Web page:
FDIC Withdraws Alleged 'Hit List' of High-Risk Merchants
At a congressional hearing Tuesday, partisan lawmakers gave wildly divergent interpretations of the payment system crackdown.
Between Operation Choke Point and anti-laundering regulations, financial institutions are going to new lengths to avoid anything even remotely associated with illegality raising questions of fairness, slippery slopes and self-preservation.
WASHINGTON The Federal Deposit Insurance Corp. said Monday that it has withdrawn a list of merchant categories, including payday lenders, debt consolidation firms, pornography businesses and others, that it said warranted heightened attention by banks processing their transactions.
In a letter to financial institutions, the agency said the list, which was first published three years ago, had been misinterpreted, resulting in banks' severing ties with legitimate businesses.
"The lists of examples of merchant categories have led to misunderstandings regarding the FDIC's supervisory approach to institutions' relationships with [third-party payment processors], resulting in the misperception that the listed examples of merchant categories were prohibited or discouraged," the FDIC wrote. "In fact, it is the FDIC's policy that insured institutions that properly manage customer relationships are neither prohibited nor discouraged from providing services to customers operating in compliance with applicable federal and state law."
The move is another dramatic turn in the battle over efforts by state and federal authorities to cut off certain business' access to the payment system.
The Justice Department has sent subpoenas to more than 50 banks and payment processing firms as part of "Operation Choke Point," its program to aimed at preventing fraudulent merchants from using the payment system. The FDIC has separately encouraged banks to scrutinize account relationships with third-party payment processors.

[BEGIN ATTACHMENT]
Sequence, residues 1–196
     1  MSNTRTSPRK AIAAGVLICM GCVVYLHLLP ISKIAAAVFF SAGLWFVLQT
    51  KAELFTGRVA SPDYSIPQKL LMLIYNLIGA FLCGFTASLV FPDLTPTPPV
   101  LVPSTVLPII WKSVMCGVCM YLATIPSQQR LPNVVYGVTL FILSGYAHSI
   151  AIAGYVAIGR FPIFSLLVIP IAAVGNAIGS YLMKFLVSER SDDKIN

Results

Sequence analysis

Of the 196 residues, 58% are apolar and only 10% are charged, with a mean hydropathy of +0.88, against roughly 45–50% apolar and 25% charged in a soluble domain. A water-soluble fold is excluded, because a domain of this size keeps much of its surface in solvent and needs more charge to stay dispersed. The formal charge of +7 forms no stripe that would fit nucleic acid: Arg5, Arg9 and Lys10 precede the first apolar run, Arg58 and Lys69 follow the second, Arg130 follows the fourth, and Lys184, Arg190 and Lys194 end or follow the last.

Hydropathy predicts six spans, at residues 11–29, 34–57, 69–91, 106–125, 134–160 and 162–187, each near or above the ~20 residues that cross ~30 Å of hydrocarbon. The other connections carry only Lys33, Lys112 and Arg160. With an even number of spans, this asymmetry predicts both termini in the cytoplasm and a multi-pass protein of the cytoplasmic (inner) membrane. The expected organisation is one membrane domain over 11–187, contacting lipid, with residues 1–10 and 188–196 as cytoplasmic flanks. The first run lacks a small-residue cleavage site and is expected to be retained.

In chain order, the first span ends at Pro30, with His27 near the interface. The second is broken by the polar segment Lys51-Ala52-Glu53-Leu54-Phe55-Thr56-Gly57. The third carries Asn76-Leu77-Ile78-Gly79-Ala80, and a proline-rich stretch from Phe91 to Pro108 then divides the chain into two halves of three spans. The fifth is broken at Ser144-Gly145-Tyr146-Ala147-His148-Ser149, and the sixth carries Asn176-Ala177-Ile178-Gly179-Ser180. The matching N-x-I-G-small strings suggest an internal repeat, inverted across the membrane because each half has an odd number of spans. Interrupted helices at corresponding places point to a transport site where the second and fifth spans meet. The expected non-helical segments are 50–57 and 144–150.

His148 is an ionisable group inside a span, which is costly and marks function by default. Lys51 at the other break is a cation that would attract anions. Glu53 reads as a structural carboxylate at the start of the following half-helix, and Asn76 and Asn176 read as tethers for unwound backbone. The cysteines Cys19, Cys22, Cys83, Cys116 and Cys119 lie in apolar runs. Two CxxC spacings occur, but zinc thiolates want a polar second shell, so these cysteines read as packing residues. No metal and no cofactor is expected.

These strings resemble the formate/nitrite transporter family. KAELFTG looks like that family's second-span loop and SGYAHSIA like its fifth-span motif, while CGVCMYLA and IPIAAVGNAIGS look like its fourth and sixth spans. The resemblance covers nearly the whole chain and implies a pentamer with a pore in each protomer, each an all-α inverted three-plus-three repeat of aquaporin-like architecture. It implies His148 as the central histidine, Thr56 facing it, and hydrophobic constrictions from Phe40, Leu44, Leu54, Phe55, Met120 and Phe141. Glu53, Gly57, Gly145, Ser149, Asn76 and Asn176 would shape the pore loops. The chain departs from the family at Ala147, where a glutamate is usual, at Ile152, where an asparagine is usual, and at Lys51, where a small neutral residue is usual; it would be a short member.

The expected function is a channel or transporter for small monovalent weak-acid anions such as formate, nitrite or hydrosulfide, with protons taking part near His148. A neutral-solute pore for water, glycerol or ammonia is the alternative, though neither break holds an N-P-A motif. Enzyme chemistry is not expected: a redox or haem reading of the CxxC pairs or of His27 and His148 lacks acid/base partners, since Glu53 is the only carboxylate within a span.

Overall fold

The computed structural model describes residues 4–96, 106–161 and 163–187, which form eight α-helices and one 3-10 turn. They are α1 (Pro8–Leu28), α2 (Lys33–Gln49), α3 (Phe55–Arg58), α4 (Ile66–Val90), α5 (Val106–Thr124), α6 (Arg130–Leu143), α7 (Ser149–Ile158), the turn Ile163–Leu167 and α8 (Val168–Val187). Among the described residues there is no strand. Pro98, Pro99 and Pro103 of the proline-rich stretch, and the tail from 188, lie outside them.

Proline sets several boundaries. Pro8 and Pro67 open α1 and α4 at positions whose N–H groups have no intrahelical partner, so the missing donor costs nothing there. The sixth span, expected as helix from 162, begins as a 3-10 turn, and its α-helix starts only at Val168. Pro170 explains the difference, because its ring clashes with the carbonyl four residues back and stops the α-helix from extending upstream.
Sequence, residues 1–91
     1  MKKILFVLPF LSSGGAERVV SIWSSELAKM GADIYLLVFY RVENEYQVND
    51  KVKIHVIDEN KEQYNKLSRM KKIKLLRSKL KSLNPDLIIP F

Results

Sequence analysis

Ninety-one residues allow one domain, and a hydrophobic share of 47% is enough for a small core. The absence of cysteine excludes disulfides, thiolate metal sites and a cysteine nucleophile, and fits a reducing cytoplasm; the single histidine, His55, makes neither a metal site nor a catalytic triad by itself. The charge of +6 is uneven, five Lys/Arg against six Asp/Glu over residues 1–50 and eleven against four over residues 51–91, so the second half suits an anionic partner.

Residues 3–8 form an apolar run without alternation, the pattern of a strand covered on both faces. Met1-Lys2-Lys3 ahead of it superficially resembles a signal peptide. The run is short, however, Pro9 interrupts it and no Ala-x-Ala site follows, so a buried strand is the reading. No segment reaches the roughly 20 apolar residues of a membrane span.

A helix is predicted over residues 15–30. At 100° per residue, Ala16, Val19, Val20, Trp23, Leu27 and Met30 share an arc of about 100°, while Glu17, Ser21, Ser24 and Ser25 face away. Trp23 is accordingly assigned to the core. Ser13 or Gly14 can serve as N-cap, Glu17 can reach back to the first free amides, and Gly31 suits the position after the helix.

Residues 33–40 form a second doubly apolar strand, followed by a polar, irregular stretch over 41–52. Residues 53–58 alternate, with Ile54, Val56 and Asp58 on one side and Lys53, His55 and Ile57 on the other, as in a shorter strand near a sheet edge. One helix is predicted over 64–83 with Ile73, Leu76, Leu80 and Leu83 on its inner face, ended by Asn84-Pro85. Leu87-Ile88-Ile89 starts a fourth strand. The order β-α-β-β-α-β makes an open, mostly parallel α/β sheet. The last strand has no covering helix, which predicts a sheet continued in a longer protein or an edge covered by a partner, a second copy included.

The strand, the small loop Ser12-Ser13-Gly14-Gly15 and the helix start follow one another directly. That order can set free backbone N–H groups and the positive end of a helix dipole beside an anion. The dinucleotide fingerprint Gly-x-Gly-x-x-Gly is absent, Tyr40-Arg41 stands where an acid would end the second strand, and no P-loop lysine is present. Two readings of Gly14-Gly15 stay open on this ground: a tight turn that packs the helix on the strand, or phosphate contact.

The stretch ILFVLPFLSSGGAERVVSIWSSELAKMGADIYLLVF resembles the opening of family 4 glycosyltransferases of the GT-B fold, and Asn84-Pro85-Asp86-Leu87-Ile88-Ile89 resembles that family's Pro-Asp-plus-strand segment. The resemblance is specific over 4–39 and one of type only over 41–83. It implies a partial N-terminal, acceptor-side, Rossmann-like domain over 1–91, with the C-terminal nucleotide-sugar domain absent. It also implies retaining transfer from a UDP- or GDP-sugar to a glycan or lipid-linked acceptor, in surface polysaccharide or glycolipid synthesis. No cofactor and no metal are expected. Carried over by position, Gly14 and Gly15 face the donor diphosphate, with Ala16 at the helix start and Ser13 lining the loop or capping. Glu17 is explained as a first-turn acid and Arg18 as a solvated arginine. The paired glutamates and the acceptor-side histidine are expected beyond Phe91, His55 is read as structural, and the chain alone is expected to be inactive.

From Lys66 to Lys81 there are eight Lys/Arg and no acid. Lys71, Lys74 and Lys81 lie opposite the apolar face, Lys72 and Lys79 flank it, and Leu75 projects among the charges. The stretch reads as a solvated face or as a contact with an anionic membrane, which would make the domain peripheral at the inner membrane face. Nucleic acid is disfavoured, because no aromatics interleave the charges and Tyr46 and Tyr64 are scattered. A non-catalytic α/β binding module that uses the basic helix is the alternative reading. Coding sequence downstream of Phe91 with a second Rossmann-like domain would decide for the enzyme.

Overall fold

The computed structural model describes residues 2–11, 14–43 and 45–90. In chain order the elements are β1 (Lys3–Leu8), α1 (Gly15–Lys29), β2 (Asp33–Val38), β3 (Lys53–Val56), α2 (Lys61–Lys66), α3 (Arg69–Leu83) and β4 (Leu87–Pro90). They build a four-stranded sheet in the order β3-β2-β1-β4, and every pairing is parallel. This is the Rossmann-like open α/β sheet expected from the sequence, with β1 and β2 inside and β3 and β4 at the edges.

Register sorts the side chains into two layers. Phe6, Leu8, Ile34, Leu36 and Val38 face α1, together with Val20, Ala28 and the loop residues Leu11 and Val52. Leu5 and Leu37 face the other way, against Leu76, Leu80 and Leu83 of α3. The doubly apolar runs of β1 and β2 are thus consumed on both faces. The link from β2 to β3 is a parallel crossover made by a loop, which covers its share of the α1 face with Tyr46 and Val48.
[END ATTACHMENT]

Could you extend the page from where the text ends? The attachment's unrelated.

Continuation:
In a bulletin issued in 2011, the FDIC described potential risks banks could face by facilitating payment transactions with certain merchants, including a list of categories that included payday lenders and others. The list was later used by the Justice Department in subpoenas to banks.
Industry critics and Republican lawmakers have accused the FDIC of creating a "hit list" of targeted firms, saying it has harmed legitimate businesses. At a hearing two weeks ago, Rep. Patrick McHenry, R-N.C., grilled an FDIC official over the list.
"You've put out this list and it says, 'Don't do business,'" McHenry said. "That's what the banks have heard."
Richard Osterman, the agency's acting general, acknowledged that the list had been "misinterpreted" by financial institutions.
The move on Monday appears to be the FDIC's attempt to take itself off of the front lines of the battle over Operation Choke Point. The letter said that banks must still assess their risk from third-party payment processors, but the list of merchant categories has been removed.